Foreign wholesale lender's interest rates are hardly likely to fall, given NZ cannot pay it's way without their support, so why should domestic savers be chosen to subsidise kitchen ATM funded import splurges - the credit risks are just the same? Moreover, they have chosen to defer consumption for the greater good - right?

New Zealand has recorded its biggest annual trade deficit since April 2009, reflecting weaker prices of agricultural commodities such as dairy products, beef and lamb, and increased imports of vehicles and machinery. Read more

I can understand that RBNZ will not want to reduce the rate without implementing further restrictions on residential lending. However saying he expects a lower NZD is idiotic, RBNZ and the Government need to do something to reduce it without risking the rest of the economy.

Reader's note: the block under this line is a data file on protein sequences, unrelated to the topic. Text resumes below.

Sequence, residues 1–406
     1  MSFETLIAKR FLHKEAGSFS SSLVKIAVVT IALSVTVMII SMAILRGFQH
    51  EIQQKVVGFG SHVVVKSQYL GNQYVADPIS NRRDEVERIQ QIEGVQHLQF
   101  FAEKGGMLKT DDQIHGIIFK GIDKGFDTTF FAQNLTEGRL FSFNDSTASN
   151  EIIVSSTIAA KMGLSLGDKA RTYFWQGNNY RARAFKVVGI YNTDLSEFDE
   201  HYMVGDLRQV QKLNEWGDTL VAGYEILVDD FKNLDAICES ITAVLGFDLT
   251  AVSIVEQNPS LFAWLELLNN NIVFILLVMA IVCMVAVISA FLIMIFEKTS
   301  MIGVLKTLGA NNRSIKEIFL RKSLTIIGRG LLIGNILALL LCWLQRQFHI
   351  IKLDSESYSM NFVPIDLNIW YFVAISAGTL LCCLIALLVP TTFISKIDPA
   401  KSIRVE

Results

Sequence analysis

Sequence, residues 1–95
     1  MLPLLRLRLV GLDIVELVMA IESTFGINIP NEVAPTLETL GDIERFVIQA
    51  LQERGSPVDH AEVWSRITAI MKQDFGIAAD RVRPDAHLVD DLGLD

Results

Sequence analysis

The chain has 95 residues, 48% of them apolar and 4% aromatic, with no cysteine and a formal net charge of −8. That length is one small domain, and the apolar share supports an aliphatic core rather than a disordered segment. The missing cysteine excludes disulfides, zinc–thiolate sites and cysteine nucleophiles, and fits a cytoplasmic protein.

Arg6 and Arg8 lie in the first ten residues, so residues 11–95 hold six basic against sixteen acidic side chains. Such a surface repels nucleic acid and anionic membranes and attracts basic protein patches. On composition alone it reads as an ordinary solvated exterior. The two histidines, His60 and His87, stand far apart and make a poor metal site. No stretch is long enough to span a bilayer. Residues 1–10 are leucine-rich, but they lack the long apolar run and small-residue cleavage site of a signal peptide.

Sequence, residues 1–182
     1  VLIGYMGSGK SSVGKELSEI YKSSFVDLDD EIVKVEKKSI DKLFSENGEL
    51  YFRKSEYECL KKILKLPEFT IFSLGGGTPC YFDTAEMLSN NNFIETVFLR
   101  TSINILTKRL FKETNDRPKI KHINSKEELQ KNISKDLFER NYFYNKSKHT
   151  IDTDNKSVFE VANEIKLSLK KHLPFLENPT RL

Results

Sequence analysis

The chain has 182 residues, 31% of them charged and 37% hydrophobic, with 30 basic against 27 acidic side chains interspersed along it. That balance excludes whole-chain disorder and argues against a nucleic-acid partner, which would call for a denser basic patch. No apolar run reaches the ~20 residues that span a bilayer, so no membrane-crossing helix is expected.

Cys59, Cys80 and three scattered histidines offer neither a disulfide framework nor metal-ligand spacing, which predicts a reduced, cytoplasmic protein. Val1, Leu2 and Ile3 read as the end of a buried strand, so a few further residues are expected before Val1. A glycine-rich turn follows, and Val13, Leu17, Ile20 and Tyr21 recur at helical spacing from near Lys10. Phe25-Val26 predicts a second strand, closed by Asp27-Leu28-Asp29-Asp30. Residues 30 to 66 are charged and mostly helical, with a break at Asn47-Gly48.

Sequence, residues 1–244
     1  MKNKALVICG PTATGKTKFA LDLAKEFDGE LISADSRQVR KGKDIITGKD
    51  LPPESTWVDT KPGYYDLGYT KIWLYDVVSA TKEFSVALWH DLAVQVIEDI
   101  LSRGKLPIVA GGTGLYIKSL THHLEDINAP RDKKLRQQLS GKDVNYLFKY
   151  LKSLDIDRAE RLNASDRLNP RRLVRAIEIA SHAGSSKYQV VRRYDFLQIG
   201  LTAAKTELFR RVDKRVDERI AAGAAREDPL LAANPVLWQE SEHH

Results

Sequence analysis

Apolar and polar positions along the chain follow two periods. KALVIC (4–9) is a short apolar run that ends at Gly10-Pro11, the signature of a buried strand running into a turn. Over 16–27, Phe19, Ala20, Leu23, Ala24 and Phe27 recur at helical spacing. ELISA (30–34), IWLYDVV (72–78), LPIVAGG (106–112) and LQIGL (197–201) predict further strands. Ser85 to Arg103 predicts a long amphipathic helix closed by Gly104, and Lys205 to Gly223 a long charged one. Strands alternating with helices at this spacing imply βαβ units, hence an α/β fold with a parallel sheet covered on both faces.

The NZ Herald is publishing wishful thinking by Fonterra. The excess milk powder isn't going to magically disappear unless demand for processed products falls.

Wheeler does appear to be a stand up comedian claiming that inflation is within the target range and fixed on 2%. Unless the CPI is adjusted to reflect that it's not the case, the RBNZ site states inflation is 0.4. Imported deflation is accelerating so when inflation hits 0-0.1% again we'll be in for another cut.

Perhaps some bedtime reading on the Fisher Effect and expectation based monetary economics might explain the 'idiotic lower NZD' expectation you mention..

Also, he states that 'core' inflation is within the target range - a completely separate long run measure to quarterly CPI.
Additionally, he states that long term inflation expectations are well anchored at 2%. Even a rudimentary analysis of nominal vs actual interest rates tends to support this.